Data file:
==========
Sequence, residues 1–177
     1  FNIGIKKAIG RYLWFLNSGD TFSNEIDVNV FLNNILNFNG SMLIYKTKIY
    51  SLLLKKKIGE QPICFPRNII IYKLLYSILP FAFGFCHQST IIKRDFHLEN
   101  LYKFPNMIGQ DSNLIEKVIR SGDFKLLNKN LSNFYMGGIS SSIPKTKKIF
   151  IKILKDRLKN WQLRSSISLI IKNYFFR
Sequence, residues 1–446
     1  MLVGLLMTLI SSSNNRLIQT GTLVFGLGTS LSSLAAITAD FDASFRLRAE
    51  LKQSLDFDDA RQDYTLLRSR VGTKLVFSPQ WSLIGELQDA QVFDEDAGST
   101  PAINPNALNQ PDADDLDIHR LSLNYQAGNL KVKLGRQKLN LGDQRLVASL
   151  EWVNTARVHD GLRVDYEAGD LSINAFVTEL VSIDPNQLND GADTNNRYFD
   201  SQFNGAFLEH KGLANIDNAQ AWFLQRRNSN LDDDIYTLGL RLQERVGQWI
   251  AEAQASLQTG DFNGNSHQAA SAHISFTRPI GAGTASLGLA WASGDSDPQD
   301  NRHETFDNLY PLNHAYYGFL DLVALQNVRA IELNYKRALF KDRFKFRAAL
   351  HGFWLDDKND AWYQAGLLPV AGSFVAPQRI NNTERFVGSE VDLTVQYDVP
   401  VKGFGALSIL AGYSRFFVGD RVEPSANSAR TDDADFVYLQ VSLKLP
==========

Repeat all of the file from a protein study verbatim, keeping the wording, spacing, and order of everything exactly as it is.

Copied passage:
Sequence, residues 1–177
     1  FNIGIKKAIG RYLWFLNSGD TFSNEIDVNV FLNNILNFNG SMLIYKTKIY
    51  SLLLKKKIGE QPICFPRNII IYKLLYSILP FAFGFCHQST IIKRDFHLEN
   101  LYKFPNMIGQ DSNLIEKVIR SGDFKLLNKN LSNFYMGGIS SSIPKTKKIF
   151  IKILKDRLKN WQLRSSISLI IKNYFFR
Sequence, residues 1–446
     1  MLVGLLMTLI SSSNNRLIQT GTLVFGLGTS LSSLAAITAD FDASFRLRAE
    51  LKQSLDFDDA RQDYTLLRSR VGTKLVFSPQ WSLIGELQDA QVFDEDAGST
   101  PAINPNALNQ PDADDLDIHR LSLNYQAGNL KVKLGRQKLN LGDQRLVASL
   151  EWVNTARVHD GLRVDYEAGD LSINAFVTEL VSIDPNQLND GADTNNRYFD
   201  SQFNGAFLEH KGLANIDNAQ AWFLQRRNSN LDDDIYTLGL RLQERVGQWI
   251  AEAQASLQTG DFNGNSHQAA SAHISFTRPI GAGTASLGLA WASGDSDPQD
   301  NRHETFDNLY PLNHAYYGFL DLVALQNVRA IELNYKRALF KDRFKFRAAL
   351  HGFWLDDKND AWYQAGLLPV AGSFVAPQRI NNTERFVGSE VDLTVQYDVP
   401  VKGFGALSIL AGYSRFFVGD RVEPSANSAR TDDADFVYLQ VSLKLP